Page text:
Actor Spotlight: The Madness of King George
From Director Nicholas Hynter The Madness of King George is the 1994 adaption of the play by the same name. The film was also written by the same playwright, Alan Bennett and stars Nigel Hawthorne as King George III and Helen Mirren as Queen Charlotte, both of which were nominated for best actor and actress in 1995. The film is about George III and his fall from being the King of England during the 18th century.
We are introduced to George in 1788, five years after losing the American colonies. The opening of the film gives us a terrific look at the show that is put on for the people as King George and the royal family visit British Parliament along with their massive entourage. The King is treated like you would imagine, being catered to no matter how ridiculous his demands. Mirren is great as the strong Queen Charlotte, who stays with George at his side supporting him while he rules. Though a strong King, George soon begins to fall ill. His royal doctors put on a show of their own, performing their own brand of medicine which leads nowhere fast. George quickly falls into a state of mental illness, and soon the vultures start to circle. His son, the Prince of Wales and heir to the throne, (played by Rupert Everett), begins to scheme of ways to kick George out from his place as King.
The film eventually takes a turn and goes from being a slightly satirical and humorous film to dark and a bit depressing. Scenes of doctors simply just torturing George with their medieval methods are hard to watch. One scene shows George being held and burned with hot jars to produce blisters on his back shows us just how far medicine has come today. After the Doctors fail to do anything they bring in a specialist, Dr. Willis, played by the wonderful Ian Holm. Holm you may recognize as being Bilbo Baggins from The Lord of the Rings trilogy. Dr. Willis takes a different and honestly harsh approach with George, he prevents him from seeing the Queen and treats him like a child, strapping him to a chair when he gets out of line. I won’t ruin the end, but the film ended differently then I expected. We are eventually told that modern scientists believe that George was suffering from porphyria, an illness that affects the nervous system.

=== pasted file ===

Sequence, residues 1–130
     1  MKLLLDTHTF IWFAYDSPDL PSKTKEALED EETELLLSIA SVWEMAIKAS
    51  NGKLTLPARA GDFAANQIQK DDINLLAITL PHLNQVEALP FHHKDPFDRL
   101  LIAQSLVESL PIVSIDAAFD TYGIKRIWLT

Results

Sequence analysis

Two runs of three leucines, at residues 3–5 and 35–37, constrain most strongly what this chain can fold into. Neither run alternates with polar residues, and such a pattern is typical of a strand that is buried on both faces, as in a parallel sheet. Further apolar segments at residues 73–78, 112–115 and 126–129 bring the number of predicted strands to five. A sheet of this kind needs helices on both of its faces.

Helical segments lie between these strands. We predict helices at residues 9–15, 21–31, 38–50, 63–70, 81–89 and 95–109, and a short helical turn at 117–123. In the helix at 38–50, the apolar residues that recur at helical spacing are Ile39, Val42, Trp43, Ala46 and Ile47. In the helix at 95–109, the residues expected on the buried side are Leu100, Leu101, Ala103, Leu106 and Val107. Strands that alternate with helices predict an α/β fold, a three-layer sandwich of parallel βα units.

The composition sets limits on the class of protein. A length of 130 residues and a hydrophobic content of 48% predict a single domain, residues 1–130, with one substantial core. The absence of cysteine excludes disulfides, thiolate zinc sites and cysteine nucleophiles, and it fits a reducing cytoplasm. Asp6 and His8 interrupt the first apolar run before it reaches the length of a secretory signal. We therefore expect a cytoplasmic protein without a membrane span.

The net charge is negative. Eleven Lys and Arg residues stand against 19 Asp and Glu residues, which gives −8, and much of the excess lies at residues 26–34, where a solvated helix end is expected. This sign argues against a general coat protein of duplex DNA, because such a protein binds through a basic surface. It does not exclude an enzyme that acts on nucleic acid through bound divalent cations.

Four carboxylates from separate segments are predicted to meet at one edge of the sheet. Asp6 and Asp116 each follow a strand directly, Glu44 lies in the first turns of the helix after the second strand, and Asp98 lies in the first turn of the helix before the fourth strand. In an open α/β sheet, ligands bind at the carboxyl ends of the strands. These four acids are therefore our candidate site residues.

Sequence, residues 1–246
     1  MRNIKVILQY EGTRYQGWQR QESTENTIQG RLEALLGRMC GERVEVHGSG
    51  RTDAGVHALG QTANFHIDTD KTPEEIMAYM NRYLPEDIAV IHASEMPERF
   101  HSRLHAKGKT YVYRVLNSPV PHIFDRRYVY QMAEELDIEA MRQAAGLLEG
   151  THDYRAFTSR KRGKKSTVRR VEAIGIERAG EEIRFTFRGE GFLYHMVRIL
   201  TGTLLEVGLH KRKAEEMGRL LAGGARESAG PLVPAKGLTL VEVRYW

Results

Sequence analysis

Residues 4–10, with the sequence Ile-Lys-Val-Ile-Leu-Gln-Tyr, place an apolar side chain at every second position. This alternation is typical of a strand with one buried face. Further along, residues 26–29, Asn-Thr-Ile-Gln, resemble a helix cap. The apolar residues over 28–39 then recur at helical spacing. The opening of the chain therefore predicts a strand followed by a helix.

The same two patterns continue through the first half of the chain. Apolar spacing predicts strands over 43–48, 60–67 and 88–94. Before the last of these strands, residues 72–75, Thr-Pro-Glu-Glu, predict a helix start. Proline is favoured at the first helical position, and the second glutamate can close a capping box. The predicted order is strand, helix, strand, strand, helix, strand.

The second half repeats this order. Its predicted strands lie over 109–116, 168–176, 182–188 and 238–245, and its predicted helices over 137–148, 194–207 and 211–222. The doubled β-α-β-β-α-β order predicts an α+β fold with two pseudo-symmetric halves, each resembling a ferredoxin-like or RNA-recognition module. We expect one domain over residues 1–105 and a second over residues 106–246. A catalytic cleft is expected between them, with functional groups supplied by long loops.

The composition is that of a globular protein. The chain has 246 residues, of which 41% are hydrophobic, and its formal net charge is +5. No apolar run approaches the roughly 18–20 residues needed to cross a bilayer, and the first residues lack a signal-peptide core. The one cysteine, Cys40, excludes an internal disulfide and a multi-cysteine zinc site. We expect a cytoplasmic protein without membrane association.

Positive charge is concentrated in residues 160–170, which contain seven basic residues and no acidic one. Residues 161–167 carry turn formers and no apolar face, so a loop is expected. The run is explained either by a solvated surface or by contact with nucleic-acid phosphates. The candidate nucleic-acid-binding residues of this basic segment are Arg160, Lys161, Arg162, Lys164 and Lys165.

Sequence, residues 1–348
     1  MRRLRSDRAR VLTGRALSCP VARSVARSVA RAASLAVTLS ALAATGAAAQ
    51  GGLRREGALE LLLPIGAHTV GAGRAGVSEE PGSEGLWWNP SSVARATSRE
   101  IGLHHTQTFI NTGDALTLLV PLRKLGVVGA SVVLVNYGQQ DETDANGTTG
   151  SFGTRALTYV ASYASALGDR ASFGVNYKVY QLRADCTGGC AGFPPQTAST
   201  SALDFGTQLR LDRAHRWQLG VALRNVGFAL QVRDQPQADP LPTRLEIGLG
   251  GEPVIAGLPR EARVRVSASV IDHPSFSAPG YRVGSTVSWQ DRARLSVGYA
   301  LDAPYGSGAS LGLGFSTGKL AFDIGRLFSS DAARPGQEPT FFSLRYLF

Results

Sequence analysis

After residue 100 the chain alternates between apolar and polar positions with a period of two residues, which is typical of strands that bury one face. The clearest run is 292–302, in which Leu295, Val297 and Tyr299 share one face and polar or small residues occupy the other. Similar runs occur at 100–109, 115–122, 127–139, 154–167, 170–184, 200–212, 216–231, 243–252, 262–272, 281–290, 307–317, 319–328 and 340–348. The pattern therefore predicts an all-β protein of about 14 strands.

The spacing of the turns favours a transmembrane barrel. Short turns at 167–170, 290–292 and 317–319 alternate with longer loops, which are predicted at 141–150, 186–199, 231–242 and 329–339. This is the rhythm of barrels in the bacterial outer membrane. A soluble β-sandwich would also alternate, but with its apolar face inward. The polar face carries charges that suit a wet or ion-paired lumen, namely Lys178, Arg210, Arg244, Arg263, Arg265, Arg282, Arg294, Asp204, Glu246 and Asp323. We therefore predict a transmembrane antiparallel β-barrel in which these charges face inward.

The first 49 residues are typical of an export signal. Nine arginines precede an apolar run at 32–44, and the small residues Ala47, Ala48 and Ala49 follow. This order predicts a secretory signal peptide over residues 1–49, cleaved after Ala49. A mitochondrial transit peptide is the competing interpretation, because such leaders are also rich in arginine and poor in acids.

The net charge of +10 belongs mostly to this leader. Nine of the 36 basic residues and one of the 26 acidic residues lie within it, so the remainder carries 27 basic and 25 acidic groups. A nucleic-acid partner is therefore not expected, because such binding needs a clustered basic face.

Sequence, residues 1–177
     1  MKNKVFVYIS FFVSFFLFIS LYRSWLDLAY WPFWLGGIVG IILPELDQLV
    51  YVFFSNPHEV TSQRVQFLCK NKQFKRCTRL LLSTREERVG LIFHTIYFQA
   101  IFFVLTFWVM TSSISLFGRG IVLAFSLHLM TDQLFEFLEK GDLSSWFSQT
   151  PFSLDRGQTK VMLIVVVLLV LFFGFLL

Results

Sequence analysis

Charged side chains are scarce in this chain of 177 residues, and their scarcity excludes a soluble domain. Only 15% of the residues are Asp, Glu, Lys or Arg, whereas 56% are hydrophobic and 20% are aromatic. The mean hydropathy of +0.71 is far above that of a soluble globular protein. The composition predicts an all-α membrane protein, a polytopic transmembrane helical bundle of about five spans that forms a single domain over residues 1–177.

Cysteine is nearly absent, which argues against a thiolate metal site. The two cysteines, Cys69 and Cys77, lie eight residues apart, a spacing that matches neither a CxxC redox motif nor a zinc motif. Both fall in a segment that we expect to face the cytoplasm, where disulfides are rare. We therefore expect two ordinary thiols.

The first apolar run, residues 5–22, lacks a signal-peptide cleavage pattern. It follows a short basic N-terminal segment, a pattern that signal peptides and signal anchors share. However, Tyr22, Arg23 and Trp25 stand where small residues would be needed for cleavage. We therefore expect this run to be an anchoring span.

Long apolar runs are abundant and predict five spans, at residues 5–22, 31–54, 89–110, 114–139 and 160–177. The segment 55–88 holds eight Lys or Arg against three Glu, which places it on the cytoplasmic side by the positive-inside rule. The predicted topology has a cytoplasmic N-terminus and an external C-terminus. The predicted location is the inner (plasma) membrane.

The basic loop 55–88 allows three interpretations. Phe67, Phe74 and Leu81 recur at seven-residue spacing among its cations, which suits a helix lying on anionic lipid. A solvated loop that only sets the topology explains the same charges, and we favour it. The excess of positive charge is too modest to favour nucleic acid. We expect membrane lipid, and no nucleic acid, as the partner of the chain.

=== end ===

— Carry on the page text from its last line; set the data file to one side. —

The costumes, sets, and locations in this film are wonderfully put together and give us a grand look at the British royal halls, streets, and countryside. The film won an Oscar in 1995 for best art direction and it truly earned it. I also loved the spectacular score, it only added to the feeling of the characters being in that time period. Hawthorne is great as King George, both as the demanding and tough King, as well as the sickly crazy man, he also makes the character of George into a tough but loveable character who you hate to see be put through something like this. The rest of the supporting cast is wonderful as well and make for scenes that are just as entertaining as those about the King. I am not totally up on British government, so I totally didn’t understand everything that was going on at certain points, but I did love to watch the men argue and bicker much like our current one. I enjoyed The Madness of King George more than I thought. If you enjoyed last year’s Oscar winner The King’s Speech I think you will like this film equally as much. Although I wasn’t as hot for Mrs. Mirren in this one as Mike may be, I am giving The Madness of King George 4 pitchforks out of 5 – “what what?!”